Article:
In a cover story this past Sunday in The New York Times Magazine, Pulitzer Prize-winning journalist Jose Antonio Vargas announced that he was “done running,” that he had “decided to come forward, [and] own up” to what he had done. He was, he explained, sick of living in fear, of “lying,” “of running away” from who he is. And who Jose Antonio Vargas is, from the perspective of U.S. immigration authorities, is an illegal alien.
His decision to “out” himself in part grew out of the thus-far unsuccessful efforts of young (undocumented) people to win the passage of the DREAM Act and, with it, a long “path to citizenship.” They also informed his decision to found an organization called Define American, one with a rather amorphous mission of getting people to “talk” about a U.S. immigration system that is “broken,” the fixing of which, the organization’s website asserts, “requires a conversation that’s bigger and more effective than the one that we’ve become accustomed to.”
If the reaction of the mainstream press thus far is any indication, however, it will require effort of epic proportions to bring about that “bigger and more effective” conversation. Howard Kurtz on CNN, for example, felt obliged to softly scold Vargas, telling him “you have to acknowledge and you do acknowledge that you broke the law.” Meanwhile, Phil Bronstein, Vargas’s former boss at the San Francisco Chronicle, expressed indignation that Vargas had “duped” him. “Jose lied to me and everyone else he worked for, and that's not kosher,” wrote the paper’s Editor at Large.
Yes, Vargas had to engage in deceptive practices to ensure his wellbeing: It was with a doctored Social Security card, for example, that he was able to secure work for publications such as The Washington Post, and the online Huffington Post. No doubt, many of those deemed as non-white in the various expressions of Jim Crow that long existed in the United States also practiced deception to “pass” or to circumvent the institutionalized racist barriers of exclusion that were once the law of the land. That this deception becomes the issue rather than the apartheid-like system that denies “illegal” immigrants many basic rights—no matter if they arrived as children (as Vargas did) or how long they have been present in the United States—speaks to how profoundly “duped” by the national regime of exclusion so many have become.
Just as whiteness became normalized in a system of white supremacy—and invisible to its beneficiaries as an odious category—the unjust underpinnings of the categories of “citizen” and the “legal” have become imperceptible to all-too-many in the privileged classes of the “Juan Crow” system that reigns in the United States.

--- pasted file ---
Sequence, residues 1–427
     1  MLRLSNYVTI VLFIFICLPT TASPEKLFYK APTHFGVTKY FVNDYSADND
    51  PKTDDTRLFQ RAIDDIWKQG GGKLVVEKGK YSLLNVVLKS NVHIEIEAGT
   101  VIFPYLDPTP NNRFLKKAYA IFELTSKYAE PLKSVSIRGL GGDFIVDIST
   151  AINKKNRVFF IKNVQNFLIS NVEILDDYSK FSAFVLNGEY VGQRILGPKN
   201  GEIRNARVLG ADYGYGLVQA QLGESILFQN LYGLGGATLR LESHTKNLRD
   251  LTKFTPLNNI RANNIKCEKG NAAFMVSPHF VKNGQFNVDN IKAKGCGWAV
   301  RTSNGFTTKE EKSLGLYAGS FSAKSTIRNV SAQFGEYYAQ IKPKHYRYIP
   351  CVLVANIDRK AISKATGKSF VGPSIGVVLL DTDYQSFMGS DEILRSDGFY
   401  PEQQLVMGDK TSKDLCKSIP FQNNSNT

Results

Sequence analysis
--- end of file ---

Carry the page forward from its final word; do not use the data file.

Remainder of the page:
This explains why Bronstein can complain that, in 2003, Vargas “wrote a story for us about illegals getting fake drivers' licenses . . . when he'd used phony documents to get his own” and display no appreciation that Vargas’s position in such a context is no more compromising than his own. Like Vargas, Bronstein, too, is implicated in the story in a way that makes it impossible for him to look at it dispassionately. But in Bronstein’s case, it is as a member of the oppressor class.
Blinded by his associated position of privilege, Bronstein thus casually refers to Vargas as a “lawbreaker” in his Chronicle blog post. No doubt there are many “lawbreakers” at the Chronicle—people who have sped or texted while driving, individuals who have consumed illicit drugs or cheated on their income taxes—but it is highly doubtful that Bronstein would refer to them in this manner in print.
This speaks to how “illegals” have become one of the most stigmatized groups in the contemporary United States, and to the associated multi-tiered system of justice that prevails in the country—one in which non-citizens (especially the unauthorized) are subject to especially harsh penalties. As sociologist Tanya Golash-Boza has argued in relation to the disproportionate criminalization of non-citizens, “Most people in the United States have broken the law, yet only a few are punished.” And it is a relatively small number of those who transgress the law who are defined as “illegal” and who are thus compelled to live a life of duplicity to survive.
Near the end of his rather tortured piece, Bronstein refers to Vargas as a friend and implies a hope that Vargas’s actions “just might lubricate the politically tarred-up wheels of government and help craft sane immigration policy.” If it does, Bronstein asserts, “we should forgive him his lies.”
Like Kurtz, Bronstein emphasizes that Vargas has done wrong. Vargas has responded to such pressures by apologizing on numerous occasions. “I'm sorry for breaking our county's laws,” he stated, for example, in responding to Kurtz’s finger-wagging.
But the effect of such pressures for contrition and apologies is to make the law sacrosanct, when it is the law itself that should be the target of critical scrutiny. Vargas need not and should not apologize any more than those dehumanized by Jim Crow should have expressed remorse for breaking the laws underpinning legally enshrined apartheid so as to survive.
It is those of us who uphold, benefit from, or have not done enough to overthrow that system who should apologize.
Jose Antonio Vargas: I am sorry.